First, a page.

Arsenal legend Ian Wright will step down as Match of the Day pundit at the end of the season.
Wright, 60, made his first appearance as a player on the BBC program in 1997, and after retiring in 2000, he became a regular pundit in 2002.
Wright said the decision had “been coming for a while” and had been “accelerated” by his turning 60 last month.
“In the end, it’s time to do some different things on Saturdays,” the former England striker said.
Wright had two stints on Match of the Day, the first from 2002 before leaving in 2008, then returning in 2015. In May he appeared alongside Shaun Wright-Phillips to become the first father-son critique team to appear on the show.
“After my first show while still a player in 1997 and many memorable years, I will be retiring from BBC MOTD at the end of this season,” said Wright, who will be in MOTD2 on Sunday on BBC One at 22:30. GMT.
“I feel extremely honored to have had such an amazing performance at the most famous soccer program in the world.”
He added: “Anyone who knows my story knows how important the show has been to me since I was a young boy. MOTD is the holy grail for me. At my first ever show, I told that [presenter] Des Lynam, “This is my Graceland.” It will always be my Graceland and I will always watch it.
“I’ve come back having made great friends and so many great memories. I’m really looking forward to my final months on the show and covering what I hope will be a great title race.”
Presenter Gary Lineker books: “It has been an absolute pleasure and privilege to work alongside you, Ian. One of my favorite people on the planet. Farewell, my friend.”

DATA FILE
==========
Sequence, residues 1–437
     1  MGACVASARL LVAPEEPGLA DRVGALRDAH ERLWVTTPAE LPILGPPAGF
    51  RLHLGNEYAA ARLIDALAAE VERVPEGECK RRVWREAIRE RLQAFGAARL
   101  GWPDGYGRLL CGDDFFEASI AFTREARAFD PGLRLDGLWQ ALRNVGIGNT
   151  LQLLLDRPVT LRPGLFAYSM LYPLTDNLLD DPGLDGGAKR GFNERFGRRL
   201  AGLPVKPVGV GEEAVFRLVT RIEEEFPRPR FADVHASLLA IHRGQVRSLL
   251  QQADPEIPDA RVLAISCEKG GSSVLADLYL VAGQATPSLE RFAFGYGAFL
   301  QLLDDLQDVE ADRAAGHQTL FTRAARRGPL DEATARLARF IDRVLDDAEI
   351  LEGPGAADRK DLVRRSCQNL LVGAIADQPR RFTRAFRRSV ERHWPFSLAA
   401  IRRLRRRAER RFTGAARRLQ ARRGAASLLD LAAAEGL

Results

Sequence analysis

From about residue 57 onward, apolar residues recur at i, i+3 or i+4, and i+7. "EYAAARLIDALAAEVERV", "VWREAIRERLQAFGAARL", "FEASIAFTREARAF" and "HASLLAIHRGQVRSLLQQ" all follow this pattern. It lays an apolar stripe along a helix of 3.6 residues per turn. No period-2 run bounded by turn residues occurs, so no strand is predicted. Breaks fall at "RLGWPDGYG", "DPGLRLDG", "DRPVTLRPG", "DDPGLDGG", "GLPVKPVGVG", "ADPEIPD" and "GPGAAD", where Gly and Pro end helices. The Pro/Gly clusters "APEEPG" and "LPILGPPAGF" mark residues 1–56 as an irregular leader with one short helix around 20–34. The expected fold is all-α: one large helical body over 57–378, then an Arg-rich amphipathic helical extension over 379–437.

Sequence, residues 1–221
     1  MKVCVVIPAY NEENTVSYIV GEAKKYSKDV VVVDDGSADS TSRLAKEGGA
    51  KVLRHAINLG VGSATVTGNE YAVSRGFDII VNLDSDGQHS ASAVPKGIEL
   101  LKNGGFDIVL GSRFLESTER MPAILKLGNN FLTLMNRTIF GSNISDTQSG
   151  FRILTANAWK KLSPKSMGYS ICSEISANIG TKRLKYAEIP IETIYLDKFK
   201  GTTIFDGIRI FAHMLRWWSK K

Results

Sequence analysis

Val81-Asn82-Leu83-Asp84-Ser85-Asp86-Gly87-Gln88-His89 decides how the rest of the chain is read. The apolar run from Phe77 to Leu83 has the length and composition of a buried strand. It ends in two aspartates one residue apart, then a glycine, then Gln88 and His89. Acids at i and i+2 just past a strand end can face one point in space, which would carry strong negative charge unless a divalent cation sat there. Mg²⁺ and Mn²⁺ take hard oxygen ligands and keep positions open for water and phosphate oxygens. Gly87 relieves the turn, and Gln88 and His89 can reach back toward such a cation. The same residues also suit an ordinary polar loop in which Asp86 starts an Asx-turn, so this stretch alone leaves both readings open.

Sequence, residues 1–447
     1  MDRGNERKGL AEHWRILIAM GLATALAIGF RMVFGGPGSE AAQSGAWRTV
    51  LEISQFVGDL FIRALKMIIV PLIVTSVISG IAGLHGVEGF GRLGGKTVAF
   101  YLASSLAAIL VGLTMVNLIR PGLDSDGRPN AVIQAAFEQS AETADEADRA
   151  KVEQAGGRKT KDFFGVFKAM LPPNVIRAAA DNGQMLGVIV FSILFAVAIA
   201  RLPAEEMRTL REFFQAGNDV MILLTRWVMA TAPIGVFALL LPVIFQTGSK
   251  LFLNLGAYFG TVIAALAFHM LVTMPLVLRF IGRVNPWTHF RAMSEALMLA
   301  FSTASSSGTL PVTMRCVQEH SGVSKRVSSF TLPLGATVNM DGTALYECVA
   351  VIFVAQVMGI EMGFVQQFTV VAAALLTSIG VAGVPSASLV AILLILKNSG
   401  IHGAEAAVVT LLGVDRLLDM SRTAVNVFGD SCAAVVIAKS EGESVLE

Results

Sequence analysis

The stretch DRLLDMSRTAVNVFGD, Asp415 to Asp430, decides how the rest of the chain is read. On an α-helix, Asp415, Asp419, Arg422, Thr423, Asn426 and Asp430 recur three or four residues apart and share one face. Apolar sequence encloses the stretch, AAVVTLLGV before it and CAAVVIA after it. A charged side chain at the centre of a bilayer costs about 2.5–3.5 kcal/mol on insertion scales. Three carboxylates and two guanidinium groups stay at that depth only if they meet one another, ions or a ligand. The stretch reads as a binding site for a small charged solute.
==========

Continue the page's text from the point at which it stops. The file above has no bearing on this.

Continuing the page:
Philip Burney, BBC Head of Sports Content, said: “Ian has been a fantastic star player at MOTD since his first appearance more than 20 years ago. His insight, wit and warmth delighted and informed all who watched him. We will miss his unique style and presence when he passes at the end of “This season, but we will make sure we give him the send-off he deserves.”
Wright began his professional career with Crystal Palace when he was 21 in 1985 and scored 90 goals, including a brace in the 1990 FA Cup Final against Manchester United. Palace tied 3-3 but lost 1-0 in the replay.
He moved to Arsenal in 1991 for a then club record fee of £2.5 million, and went on to score 185 goals for them, becoming the club’s top scorer in September 1997 and also winning the Premier League, FA Cup, League Cup and European Cup Winners’ Cup. Cup during his time with the Gunners.
After leaving Arsenal, he had spells with West Ham, Nottingham Forest, Celtic and Burnley.
He also played 33 international matches with the England national team and scored nine goals.
Since his retirement, he has become one of television’s most popular football pundits, covering both men’s and women’s matches for the BBC and ITV.
Away from football, he appeared on a BBC program about his abusive upbringing and childhood.
In June, he was appointed an OBE in the Christmas Honors list for services to football and charity, and last month he was awarded a Freedom Medal to the City of London.
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